The performance concluded with a trio improvisation of all three performers. In addition to the flutes and voice, Polly Moller broke out her “tone nut” (doughnut-shaped wind instrument), and Pamela Z played the popular Ocarina iPhone instrument. It’s always interesting to hear how such disparate musicians play off of one another, and this group improvisation could have kept going on for a bit longer…

ICMC late concert on election night

Imagine yourself an ordinary New Orleans bus driver, doing your normal night route on St. Charles. Just two or three passengers, quiet. Maybe even a little quieter than usual given that many people are home watching election returns. Then suddenly you come to stop where twenty or so weird people with laptops and beeds get on the bus. That’s what happened to a bus driver last night when participants at the ICMC conference boarded to attend the offsite late-nite performance at the aptly named Columns Hotel.

The election so far went as well as one could expect at 11PM, with headlines suggesting things are about to change for the better – a takeover of the House, Virginia is the new Florida (with George “macaca” Allen trailing), and social conservatives (i.e., the littering religious right) lost a trifecta on abortion, stem cells and gay marriage. Plus, I get to watch all of this from the home (and district) of William “Frozen Assets” Jefferson.

So what better way to celebrate than with experimental electronic improv music in an old hotel parlor? First on the program was Pink Canoes, who hail from the Bay Area. I was acquainted with several members of the group by name only (and vice versa), so it was quite ironic to meet in person in New Orleans. Musically, they played free improvisation with guitars, effects pedals, analog synths and circuit-bend instruments, similar to some of the group improvisations I have done with friends in Santa Cruz. I get the sense that many of the academics at the conference hadn’t heard much of this sub-genre of electronic music. Personally I would like to see more hybridization among free electronic improv, traditional computer music, and even things like the jazz duo that was also playing in the hotel at the same time.

Pink Canoe was followed by the due Andre Castro + Martin Aeserud, featuring laptop and “prepared” acoustic guitar. I found the guitar quite interesting to watch as well as listen to, and gives me some ideas for projects with the guitar that’s sitting in pieces on the floor back home.

More on the conference later.

Weekend in New Orleans Part 1: Zip visits the French Quarter

Before the start of the ICMC Conference today, I spent the weekend exploring a bit of New Orleans. Zip of course came along for the ride and photo ops.

In this first article of several, we make the obligatory trip to the French Quarter. This area largely survived the devastation last year and was quick to reopen as the “adult Disneyland” that people associate with New Orleans. Just outside the quarter on Canal Street, damaged downtown buildings being repaired and closed businesses are a common sight – a little eerie in spots. but inside things have the appearance of being back to normal. The bars and restaurants are mostly open, music and neon lights are everywhere. Tourists are in abundance (perhaps not as many as before, I have no way to gauge this), and there were plenty of people and vendors around the major sites, such as Jackson square and the cathedral(?) of St. Louis:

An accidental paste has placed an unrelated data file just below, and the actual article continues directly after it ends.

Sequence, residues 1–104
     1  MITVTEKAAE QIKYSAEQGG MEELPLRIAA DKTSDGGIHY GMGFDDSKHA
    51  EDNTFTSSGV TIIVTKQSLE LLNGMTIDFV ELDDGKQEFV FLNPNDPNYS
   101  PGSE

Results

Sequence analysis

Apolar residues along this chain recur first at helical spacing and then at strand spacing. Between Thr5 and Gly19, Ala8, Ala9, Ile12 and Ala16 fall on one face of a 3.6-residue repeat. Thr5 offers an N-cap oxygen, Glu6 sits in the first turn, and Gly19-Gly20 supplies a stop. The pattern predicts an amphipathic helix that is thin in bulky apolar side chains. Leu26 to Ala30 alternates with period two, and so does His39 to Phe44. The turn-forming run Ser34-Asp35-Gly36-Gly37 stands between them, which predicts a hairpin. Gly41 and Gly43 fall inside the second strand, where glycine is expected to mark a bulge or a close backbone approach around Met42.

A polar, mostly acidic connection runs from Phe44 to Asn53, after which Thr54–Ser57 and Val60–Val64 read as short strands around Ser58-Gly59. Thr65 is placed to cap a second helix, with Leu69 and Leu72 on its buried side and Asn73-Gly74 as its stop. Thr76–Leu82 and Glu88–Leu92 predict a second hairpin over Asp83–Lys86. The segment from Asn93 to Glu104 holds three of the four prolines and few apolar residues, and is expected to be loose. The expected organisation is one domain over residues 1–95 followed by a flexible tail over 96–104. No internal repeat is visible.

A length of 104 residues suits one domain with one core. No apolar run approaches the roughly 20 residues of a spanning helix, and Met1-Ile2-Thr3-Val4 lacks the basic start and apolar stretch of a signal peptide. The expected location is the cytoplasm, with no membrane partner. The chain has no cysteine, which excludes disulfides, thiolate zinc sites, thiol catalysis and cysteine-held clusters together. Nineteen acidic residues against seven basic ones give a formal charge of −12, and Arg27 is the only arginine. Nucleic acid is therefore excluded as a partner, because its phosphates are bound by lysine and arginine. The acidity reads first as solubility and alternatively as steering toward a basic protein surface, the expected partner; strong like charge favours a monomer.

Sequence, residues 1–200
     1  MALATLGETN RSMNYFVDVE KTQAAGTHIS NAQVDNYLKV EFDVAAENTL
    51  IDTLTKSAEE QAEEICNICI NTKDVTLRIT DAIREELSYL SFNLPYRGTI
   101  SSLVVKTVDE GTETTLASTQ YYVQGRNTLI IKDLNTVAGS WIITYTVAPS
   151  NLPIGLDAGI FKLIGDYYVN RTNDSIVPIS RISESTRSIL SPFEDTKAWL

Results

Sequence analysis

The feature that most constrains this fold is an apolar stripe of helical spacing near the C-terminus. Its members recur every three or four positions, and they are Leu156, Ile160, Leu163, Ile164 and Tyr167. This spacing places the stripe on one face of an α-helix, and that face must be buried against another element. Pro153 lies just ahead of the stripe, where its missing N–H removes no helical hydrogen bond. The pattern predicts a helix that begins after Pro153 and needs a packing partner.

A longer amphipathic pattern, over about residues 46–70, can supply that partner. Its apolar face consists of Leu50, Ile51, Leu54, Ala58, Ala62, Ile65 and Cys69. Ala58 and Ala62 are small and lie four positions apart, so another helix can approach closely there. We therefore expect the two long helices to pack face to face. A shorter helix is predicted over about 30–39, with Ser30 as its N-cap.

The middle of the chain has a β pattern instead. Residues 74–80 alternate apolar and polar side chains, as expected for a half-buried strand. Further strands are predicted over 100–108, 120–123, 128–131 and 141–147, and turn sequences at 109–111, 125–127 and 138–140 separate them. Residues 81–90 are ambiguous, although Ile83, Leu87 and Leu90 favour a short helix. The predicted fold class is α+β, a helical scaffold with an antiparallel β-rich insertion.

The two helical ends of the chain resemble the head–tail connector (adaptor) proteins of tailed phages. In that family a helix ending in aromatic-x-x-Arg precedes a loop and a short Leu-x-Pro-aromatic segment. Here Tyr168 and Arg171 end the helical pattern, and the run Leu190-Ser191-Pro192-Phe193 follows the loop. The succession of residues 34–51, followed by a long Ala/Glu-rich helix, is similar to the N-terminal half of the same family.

Churches are fine, but there are also monuments a plenty to one of the town’s real religions: jazz. Here Zip poses with famed jazz clarinetist Pete Fountain:

We also took in some live jazz at the New Orleans Jazz national park in the French Market along the rivier:

The famed architecture of the quarter is exactly as one would expect:

Again, most places seem to have weathered the storm or been repaired quickly, and many that are not hotels or business are up for sale as condos. There are still plenty of signs of the last year’s events, such as ubiquitous blue dog, here decked out for Mardi Gras (or pretty much any day here, it seems):

A few pleasant breaks from the stereotypical tourist fare could be found in some of the small specialty shops sprinkled throughout the neighborhood, including a rather intruiging shop dealing in occult products, including “black cat fur.” No cats were harmed in the collection of this fur, one hopes… Also some craft stores, a modern art gallery that didn’t give in to insipid tourist tastes, and a cool little shop that used the mason’s “Pyramonster” as it’s logo.

Another welcome addition to the day was a performance art troupe Wild Animus, who performed part of their piece on the riverfront near Jackson Square:

Apparently, the artists responsible are part of a San Francisco art collective, go figure. Several performers were handing out free DVDs, which I have yet to review, but I am curious about this work.

There was a particularly surreal moment as a wedding processing, complete with Dixieland-style band crossed paths with Wild Animus. I have a little bit of that on a video, which I will post as soon as I get a chance.

Having had enough of the French Quarter, I went in search of what is apparently one of post-hurricane New Orlean’s best kept secrets: where to get tour passes for the bus system. After several attempts, I finally found a tourist info agent who pointed me in the direction of a kiosk in one of the shopping centers, but when I got there I was met only with a sign that said “Back 30 minutes after the hour.” I believe it was about 2:45 at this time. A little annoyed, I headed back to Canal Street anyway to catch a streetcar (and pay full fare) towards the city park, where the city’s main art museum and sculpture garden is located. Of course, the streetcar would be out of order when I got there, and the busses running in its place were nowhere to be seen. The changes of making it out to the park before the garden closed to visitors at 4pm seemed pretty slim. But instead of stewing in my frustration, I headed with Zip back into the quarter for a more local kind of stew and a local brew:

This is definitely following the traveler’s rule “When in Rome…” In addition to gumbo, we sampled some of the ever popular oysters, cooked in this case:

And with this, the first of many tasty meals and refreshing beverages to come (too many?), we conclude this part of the story.

Be nice or leave.